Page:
You may have seen former SMU guard and current Boston Celtic rookie Semi Ojeleye more than hold his own as a rookie against Milwaukee’s Giannis Antetokounmpo in the first round of the NBA Playoffs. You may have even seen him thrive as a 3-and-D player in the regular season off the bench, or as a 19-point per game scorer as a junior for the Mustangs of SMU last year.
Before the success at SMU and in the NBA for the Celtics, however, was an ugly breakup with the Duke program and head coach Mike Krzyzewski.
Jesusemilore Talodabijesu Ojeleye (my new favorite name, by the way) signed with the Blue Devils in 2013 as a four-star small forward out of Kansas. He also held offers from Indiana, Oregon, and Stanford, but decided the opportunity to play at a legendary school like Duke was too good to pass up.
After two years with the program, Ojeleye decided to transfer, as the Coach K he saw on television and as a smooth recruiter wasn’t the same guy he saw behind the scenes. In fact, one meeting with Ojeleye’s family left his mother on her knees in tears.
When the former Duke forward and his family set up a meeting with Krzyzewski about a potential transfer, the Duke head coach reportedly shouted at the player’s mother and made her cry.
Mark Murphy of the Boston Herald sat down with Joy Ojeleye for the story.
According to Joy, a very different Coach K met them in his office. She said the coach ignited when asked about Semi’s prospects and jumped out of his chair. A terrified Joy knelt in front of the enraged coach.
“He shouted at me. He said, ‘Am I lying, Am I lying?’ Just like that,” she said. “My oldest son said, ‘Coach, she didn’t say you were lying, she was only asking a question.’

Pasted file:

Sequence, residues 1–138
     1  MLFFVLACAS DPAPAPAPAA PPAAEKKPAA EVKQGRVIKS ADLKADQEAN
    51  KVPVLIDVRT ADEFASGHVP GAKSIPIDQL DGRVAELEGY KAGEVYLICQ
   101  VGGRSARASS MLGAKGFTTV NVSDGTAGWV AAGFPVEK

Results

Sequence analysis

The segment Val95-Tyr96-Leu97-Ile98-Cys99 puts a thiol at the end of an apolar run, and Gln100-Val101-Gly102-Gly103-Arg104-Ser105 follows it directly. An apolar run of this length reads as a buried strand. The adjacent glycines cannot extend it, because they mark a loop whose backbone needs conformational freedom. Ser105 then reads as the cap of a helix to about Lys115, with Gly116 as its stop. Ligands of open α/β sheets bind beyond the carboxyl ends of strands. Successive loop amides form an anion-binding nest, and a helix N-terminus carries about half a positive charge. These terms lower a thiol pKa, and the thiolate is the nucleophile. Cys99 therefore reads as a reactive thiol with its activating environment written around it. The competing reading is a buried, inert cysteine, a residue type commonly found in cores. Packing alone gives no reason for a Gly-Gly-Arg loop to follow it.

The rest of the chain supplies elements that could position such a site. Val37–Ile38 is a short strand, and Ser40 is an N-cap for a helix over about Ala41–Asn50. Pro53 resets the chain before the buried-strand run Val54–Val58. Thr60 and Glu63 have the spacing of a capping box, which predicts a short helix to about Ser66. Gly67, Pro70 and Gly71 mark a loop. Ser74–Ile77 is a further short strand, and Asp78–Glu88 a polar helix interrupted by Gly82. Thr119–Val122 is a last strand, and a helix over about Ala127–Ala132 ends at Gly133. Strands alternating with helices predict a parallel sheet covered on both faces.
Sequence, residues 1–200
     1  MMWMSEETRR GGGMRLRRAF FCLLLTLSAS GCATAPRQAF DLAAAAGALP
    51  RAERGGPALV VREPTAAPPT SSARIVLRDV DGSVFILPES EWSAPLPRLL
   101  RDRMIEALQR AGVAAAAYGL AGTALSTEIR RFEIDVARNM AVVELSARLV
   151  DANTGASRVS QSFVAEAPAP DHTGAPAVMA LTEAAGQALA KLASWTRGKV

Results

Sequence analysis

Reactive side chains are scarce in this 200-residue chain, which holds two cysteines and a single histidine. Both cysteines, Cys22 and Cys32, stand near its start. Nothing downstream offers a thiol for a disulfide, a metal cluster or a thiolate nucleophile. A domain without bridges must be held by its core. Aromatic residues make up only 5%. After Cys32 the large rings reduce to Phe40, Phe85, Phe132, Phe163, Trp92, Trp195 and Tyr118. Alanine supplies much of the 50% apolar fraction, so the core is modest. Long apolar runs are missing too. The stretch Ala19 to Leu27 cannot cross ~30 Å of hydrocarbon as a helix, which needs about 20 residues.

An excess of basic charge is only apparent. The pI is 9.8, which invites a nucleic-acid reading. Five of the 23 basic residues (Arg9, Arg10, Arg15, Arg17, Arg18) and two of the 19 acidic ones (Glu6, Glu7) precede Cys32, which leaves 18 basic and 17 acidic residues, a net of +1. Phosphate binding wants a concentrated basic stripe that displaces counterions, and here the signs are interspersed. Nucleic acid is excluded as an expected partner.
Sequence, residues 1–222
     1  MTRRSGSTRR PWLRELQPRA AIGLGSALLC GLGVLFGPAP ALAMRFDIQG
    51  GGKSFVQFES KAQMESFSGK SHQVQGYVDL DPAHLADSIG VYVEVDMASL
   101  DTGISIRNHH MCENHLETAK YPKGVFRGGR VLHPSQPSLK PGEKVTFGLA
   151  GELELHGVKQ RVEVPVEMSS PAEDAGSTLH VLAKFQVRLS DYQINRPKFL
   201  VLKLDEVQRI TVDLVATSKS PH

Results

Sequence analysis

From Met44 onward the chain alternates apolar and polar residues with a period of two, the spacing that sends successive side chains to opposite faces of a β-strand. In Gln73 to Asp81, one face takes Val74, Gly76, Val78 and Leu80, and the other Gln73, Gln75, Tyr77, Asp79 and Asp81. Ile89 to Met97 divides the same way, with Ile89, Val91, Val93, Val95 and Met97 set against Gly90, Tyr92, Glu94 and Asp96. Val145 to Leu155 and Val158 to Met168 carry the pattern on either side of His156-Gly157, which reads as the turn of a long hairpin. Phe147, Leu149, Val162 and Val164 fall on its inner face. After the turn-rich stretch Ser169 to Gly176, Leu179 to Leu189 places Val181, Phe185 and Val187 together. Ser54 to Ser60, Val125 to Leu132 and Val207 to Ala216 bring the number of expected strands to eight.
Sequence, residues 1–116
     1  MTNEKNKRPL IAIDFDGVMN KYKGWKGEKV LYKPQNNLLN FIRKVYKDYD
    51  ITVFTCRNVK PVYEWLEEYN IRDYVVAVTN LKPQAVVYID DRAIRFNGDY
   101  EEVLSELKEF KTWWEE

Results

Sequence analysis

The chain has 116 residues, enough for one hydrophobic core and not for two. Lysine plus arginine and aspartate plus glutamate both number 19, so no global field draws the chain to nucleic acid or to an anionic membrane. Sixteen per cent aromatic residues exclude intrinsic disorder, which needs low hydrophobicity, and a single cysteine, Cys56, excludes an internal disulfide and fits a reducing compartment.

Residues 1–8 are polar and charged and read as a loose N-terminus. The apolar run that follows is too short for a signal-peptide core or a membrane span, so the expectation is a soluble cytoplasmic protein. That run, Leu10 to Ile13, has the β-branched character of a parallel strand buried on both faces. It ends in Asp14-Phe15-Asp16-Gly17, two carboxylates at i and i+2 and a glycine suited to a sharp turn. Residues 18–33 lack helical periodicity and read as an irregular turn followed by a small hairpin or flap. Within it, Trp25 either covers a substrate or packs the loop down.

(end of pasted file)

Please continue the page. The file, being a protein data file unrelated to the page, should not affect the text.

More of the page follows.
“I had tears streaming down my cheeks, and I said, ‘Coach, you’re way up there and I’m down here. That’s why I kneeled down and said forgive me. I didn’t say you were lying. I would never say that.’ Victor (Ojeleye’s brother), for the first time, he felt so humiliated, so bad and ashamed I was treated like that. It’s OK. I just didn’t want him to feel like I was being rude to him. I just wanted to ask the question. Is there anything my son needs to do and achieve the privilege to play? Because if you never play, nobody sees your talent. And he tells me he does everything you tell him to do, so if you’re working hard behind the scenes, please, even if it’s five minutes, let him play.”
The year before, Ojeleye met with Coach K about playing time concerns, and the Duke coach reached out to his mother to tell her he was going to “break out,” promising playing time during his sophomore season.
“He said your son is an amazing person,” said Joy. “On the court and off the court. He’s going to play. Don’t worry. He’ll be fine. He even texted me and said Semi is going to do great, he’s going to break out. That helps me believe what my son told me, because he said I believe him.”
He averaged just three points in ten minutes per contest that season.
Just two weeks after the outburst, Semi Ojeleye withdrew from the program and decided to transfer to Southern Methodist for his junior year. There, he averaged 19 points (42-percent from three), seven rebounds, and 1.5 assists per game en route to AAC Player of the Year honors.
When asked about the final meeting with Coach K, Ojeleye deflected.
“That’s in the past — doesn’t matter, don’t want to get into that,” he said.
For more of Ojeleye’s time at Duke and his tough journey to the NBA, take a look at the Boston Herald article here.